A Matter of Honor: One Cop's Lifelong Pursuit of John Gotti and the Mob

Overview

For thirty-five years, Remo Franceschini chased criminals - especially Mob criminals - in New York City. An Italian-American like many of the organized crime figures he pursued, Remo was driven by his own code. Cracking down on the Mob wasn't just a job for Remo, it was a matter of honor. Remo Franceschini was a hero cop. Early in his career, he and his partner chased a couple of armed robbery suspects into a subway station where the gunmen suddenly began shooting. In the point-blank gun battle, one criminal was ...
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1993 Hard cover New in new dust jacket. Sewn binding. Paper over boards. Audience: General/trade.

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Overview

For thirty-five years, Remo Franceschini chased criminals - especially Mob criminals - in New York City. An Italian-American like many of the organized crime figures he pursued, Remo was driven by his own code. Cracking down on the Mob wasn't just a job for Remo, it was a matter of honor. Remo Franceschini was a hero cop. Early in his career, he and his partner chased a couple of armed robbery suspects into a subway station where the gunmen suddenly began shooting. In the point-blank gun battle, one criminal was killed. Remo and his partner survived the deadly shoot-out and were awarded the Police Combat Cross. Remo began doing intelligence work for the police department, especially wiretapping and physical surveillance. While J. Edgar Hoover's FBI was denying there was such a thing as organized crime, Remo became an expert on it. Listening to mobsters browbeat their soldiers and kowtow to their capos, Remo laid out the Mob's secret structure. Soon he was on the trail of Bumpy Johnson, one of New York's most notorious organized crime figures, the "Black Godfather" whose extensive connections made him pivotal. When a new district attorney took over in New York City's Queens County, Remo became commander of the D.A.'s squad of detectives. He immediately began cracking down on the Mob, keeping their faces in front of him on his famous Wall of Crime. Remo criticized the lax security at JFK airport that was producing a gold mine in stolen goods for the Mob; not long afterward the famous Lufthansa heist took place there. His daring raid on a Mott Street gambling den netted more than thirty Mob figures and kept the heat on the mobsters. And he began watching a young Queens wiseguy named John Gotti. Remo saw John Gotti's rise through the ranks of the Gambino crime family, and he kept the pressure on Gotti and his men for years. He turned Gotti's chauffeur into a key informant on the Gambino gang, and then watched as his informant was revealed - at a prosecutor's insist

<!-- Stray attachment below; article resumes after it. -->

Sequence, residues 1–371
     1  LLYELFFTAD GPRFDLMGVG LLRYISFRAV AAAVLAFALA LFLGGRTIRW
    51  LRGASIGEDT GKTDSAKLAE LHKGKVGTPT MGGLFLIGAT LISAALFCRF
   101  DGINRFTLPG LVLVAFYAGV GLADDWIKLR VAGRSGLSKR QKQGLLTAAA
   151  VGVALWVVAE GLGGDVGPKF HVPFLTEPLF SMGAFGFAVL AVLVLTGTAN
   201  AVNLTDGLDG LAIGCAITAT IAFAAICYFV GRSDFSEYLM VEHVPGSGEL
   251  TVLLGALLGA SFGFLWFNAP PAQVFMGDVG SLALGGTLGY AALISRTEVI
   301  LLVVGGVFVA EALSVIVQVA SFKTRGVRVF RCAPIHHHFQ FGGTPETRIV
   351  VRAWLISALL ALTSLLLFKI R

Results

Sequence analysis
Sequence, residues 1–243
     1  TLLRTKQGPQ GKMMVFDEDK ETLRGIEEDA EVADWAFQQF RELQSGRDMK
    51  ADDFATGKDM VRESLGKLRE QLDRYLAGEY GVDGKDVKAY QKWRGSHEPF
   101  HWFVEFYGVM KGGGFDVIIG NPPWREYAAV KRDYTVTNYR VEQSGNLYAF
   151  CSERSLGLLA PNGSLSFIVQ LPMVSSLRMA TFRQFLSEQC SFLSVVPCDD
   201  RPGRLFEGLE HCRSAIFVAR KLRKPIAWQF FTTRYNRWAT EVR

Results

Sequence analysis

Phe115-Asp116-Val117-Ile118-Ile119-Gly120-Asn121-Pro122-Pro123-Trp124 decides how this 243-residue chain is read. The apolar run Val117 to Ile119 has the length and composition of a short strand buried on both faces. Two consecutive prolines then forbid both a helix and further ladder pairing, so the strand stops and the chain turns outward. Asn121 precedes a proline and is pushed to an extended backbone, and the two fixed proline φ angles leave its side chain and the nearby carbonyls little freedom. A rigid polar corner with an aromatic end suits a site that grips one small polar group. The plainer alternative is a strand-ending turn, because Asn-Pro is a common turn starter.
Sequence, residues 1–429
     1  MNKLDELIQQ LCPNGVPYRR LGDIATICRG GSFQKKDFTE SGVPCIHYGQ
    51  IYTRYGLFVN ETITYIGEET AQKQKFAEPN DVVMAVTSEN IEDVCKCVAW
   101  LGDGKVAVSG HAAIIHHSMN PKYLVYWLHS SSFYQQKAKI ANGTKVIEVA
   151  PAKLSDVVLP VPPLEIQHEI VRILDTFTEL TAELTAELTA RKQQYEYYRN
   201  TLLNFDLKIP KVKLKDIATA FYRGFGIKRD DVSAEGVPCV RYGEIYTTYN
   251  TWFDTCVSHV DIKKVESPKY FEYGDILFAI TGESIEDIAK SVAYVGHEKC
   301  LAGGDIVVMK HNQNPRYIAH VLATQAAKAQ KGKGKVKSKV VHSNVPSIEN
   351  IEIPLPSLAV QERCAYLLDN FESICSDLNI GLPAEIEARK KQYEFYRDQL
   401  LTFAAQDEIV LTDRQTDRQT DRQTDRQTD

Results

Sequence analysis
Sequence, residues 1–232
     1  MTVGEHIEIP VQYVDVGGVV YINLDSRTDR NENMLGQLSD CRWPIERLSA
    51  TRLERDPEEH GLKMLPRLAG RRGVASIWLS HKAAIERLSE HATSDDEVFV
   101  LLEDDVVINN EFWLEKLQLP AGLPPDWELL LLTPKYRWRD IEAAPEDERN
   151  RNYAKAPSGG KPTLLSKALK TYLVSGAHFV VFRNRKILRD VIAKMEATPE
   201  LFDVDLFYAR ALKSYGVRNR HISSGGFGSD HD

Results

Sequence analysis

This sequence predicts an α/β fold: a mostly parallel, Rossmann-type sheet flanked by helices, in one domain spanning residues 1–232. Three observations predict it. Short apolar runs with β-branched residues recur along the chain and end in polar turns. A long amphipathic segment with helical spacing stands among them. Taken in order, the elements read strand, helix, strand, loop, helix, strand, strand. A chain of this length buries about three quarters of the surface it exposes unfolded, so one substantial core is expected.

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Editorial Reviews

Publishers Weekly - Publisher's Weekly
Franceschini was a member of the New York Police Department from 1957 to 1991. Serving in a number of elite units, he specialized in fighting the Mafia, and during his final 14 years he headed the squad working under Queens District Attorney John Santucci. Franceschini notes that he was the first to unravel the structure of the local Cosa Nostra, although some of his colleagues mocked him for creating an ``imaginary'' mob empire. He was responsible for sending dozens of gangsters to prison, but the ``very flamboyant, very hands-on'' Gotti, whom his unit had been investigating for years, was finally nailed by the FBI after Franceschini had retired from the force. This dedicated officer's memoir presents a tough-minded, involving, proud view of his career in law enforcement, doing a job he sums up thusly: ``It's like if you shine a flashlight in a rat hole, you won't have a lot of activity. Flick off the light and the place starts to scurry. I spent my professional life shining that light.'' Photos not seen by PW . (Aug.)
Joe Collins
Franceschini, a New York cop for 35 years, headed up the Queens detective bureau that hounded the head of one of the most infamous families, Gambino boss John Gotti. Franceschini's prose style echoes his career, hard-hitting and forthright, and his emotional yet businesslike approach to police work makes the reader root for him and his fellow officers as well as Queens D.A. John Santucci all the way. Despite his love of police work and his fellow cops, Franceschini acknowledges that corruption was present in the NYPD, and maintains he lost out on arrests through interdepartmental battles with the FBI and overzealous federal attorneys. The author traces his own early heroism in a gun battle with a subway punk, and moves on to infiltrating the Mob (police and criminals alike never call it the Mafia). Undoubtedly, however, the most magnetic personality here is Gotti. Franceschini grudgingly acknowledges the personal charisma of the "Teflon Don," but also points out the graphic underside of Gotti the Boss. In one memorable sequence, Gotti loses his legendary cool when he discovers police surveillance outside his house and tears outside in a jogging suit and loafers--hardly the image he'd so carefully cultivated--to confront the cops. There's no backing down here . . . not from the Mob or the cops.
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Product Details

  • ISBN-13: 9780671739478
  • Publisher: Simon & Schuster
  • Publication date: 3/2/1993
  • Pages: 288

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